Château Grand Mayne: The Héritiers Laveau

After Jacques’ death the estate then came to his son Jean Laveau (1766 – 1836). He continued his father’s work, expanding the family’s domaine to a new high. In 1811 he purchased Château Soutard from the Combret de Milon family, increasing the Laveau dominion to 288 hectares, of which 62 hectares were vines, including some on the desirable terroirs of the plateau and on the slopes. With the introduction of Napoleon’s inheritance laws, however, it was perhaps inevitable that such a grand domaine would eventually be broken up. After Jean’s death the estate was divided between his héritiers, and this large-scale carving-up of the domaine left just a nubbin of land around the manor house, amounting to just 21 hectares; it is this estate that has evolved into what we know today as Château Grand Mayne.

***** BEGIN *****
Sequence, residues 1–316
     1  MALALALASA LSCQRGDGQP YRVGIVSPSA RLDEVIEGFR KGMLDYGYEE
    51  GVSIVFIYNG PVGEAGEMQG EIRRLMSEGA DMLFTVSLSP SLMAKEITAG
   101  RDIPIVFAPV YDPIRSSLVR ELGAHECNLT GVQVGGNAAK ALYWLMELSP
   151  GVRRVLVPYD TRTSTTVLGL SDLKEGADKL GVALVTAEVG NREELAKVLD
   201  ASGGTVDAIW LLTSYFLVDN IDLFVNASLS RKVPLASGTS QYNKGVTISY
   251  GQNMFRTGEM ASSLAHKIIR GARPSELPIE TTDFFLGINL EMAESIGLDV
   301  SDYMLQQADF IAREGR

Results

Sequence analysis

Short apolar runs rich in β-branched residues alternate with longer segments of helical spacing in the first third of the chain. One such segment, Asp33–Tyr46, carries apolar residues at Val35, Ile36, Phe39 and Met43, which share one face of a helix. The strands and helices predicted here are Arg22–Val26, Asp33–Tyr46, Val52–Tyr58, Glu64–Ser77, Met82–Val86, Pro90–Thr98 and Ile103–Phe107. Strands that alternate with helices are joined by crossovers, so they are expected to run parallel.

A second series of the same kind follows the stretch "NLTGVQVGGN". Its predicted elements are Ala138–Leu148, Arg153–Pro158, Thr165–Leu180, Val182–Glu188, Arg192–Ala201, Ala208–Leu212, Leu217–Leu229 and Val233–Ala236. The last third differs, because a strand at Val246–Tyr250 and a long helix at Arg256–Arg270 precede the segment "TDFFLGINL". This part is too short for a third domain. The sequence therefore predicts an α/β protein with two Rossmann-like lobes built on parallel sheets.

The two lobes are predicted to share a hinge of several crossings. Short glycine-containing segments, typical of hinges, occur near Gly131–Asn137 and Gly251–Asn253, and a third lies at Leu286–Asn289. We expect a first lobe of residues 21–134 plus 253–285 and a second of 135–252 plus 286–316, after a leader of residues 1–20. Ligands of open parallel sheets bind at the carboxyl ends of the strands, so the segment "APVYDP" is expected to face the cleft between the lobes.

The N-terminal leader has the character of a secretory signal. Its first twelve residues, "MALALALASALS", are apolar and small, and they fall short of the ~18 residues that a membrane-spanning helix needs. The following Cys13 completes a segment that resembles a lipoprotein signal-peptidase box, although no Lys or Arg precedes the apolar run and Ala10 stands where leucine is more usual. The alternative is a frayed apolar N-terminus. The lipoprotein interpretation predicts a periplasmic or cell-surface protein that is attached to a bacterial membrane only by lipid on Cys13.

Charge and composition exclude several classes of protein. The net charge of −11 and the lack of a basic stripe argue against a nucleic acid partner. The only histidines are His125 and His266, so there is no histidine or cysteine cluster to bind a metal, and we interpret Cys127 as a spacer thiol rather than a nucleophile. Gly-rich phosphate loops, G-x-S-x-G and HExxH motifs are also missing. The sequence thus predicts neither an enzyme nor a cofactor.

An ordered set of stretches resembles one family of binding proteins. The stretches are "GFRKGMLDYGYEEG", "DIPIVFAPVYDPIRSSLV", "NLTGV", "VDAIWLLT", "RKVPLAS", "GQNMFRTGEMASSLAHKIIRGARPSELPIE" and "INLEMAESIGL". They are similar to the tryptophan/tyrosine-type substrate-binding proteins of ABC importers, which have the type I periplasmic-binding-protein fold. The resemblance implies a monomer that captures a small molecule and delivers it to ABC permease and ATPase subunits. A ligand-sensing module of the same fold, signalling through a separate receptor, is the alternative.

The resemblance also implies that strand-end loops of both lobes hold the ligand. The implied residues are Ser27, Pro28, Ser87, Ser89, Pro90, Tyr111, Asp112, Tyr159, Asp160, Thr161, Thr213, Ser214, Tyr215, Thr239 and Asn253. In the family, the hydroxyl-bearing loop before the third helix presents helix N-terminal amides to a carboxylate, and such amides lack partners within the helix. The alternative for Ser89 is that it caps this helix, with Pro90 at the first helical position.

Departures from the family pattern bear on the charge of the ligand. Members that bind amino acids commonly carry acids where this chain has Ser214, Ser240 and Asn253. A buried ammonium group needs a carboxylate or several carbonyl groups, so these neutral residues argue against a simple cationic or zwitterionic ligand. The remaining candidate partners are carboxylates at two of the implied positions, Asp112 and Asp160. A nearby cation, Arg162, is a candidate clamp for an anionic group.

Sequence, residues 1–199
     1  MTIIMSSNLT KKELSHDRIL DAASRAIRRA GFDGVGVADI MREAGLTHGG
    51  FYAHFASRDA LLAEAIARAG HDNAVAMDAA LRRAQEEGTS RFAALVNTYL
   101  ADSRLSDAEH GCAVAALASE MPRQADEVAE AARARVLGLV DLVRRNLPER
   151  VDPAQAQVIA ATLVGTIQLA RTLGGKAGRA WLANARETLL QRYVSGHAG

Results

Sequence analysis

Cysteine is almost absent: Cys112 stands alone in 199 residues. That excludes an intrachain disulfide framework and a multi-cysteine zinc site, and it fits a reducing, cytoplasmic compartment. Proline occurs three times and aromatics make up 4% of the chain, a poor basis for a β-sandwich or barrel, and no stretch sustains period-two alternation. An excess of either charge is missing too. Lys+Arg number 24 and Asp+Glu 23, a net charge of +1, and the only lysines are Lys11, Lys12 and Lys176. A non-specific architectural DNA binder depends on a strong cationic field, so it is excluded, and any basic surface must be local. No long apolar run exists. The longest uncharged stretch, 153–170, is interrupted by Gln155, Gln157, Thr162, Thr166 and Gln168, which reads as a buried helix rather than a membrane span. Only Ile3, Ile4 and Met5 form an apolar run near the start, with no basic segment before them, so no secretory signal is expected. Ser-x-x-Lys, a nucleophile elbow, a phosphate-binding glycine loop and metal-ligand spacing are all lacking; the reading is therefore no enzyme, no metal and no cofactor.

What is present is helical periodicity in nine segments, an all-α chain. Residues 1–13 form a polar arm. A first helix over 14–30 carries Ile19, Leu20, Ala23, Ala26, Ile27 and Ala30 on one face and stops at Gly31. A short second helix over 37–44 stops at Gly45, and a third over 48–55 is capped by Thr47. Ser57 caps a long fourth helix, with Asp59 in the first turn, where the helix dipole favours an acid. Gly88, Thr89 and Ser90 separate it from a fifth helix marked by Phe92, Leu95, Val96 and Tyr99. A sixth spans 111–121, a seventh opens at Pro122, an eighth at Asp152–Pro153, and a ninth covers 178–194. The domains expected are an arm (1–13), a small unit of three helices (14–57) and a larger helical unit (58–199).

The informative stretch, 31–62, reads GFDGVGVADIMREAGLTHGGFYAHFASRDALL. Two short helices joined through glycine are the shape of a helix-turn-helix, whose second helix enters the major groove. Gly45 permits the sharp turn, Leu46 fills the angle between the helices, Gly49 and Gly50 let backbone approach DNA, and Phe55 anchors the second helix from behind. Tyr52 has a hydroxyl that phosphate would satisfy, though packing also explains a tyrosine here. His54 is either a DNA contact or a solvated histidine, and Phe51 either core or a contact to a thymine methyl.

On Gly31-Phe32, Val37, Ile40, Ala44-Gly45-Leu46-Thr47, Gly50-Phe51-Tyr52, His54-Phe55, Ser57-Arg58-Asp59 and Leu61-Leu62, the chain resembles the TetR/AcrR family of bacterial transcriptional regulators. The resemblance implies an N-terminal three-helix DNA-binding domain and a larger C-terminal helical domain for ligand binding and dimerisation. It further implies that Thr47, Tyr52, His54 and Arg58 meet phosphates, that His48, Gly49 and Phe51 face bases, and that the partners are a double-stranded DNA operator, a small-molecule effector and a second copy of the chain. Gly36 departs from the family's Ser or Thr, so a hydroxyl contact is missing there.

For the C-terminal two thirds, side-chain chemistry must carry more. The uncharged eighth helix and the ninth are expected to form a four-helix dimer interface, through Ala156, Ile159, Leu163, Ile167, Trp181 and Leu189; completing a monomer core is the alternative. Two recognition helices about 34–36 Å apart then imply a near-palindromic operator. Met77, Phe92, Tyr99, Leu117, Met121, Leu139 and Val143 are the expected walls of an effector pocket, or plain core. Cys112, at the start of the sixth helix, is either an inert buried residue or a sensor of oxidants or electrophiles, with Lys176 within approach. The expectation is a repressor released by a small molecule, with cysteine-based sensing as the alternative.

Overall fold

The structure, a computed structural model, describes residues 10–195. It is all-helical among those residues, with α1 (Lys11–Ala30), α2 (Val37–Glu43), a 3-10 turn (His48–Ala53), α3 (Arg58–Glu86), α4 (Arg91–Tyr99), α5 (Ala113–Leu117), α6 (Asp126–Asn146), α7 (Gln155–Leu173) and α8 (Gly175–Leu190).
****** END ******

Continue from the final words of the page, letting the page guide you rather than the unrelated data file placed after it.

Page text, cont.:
Château Grand Mayne

The Héritiers Laveau appear in the 1850 Cocks et Féret, but curiously not as proprietors of Château Grand Mayne, but of Château Franc Mayne; the Laveau family had purchased this property after the Gomerie estate had been broken up and sold off in the post-Revolutionary fervour.

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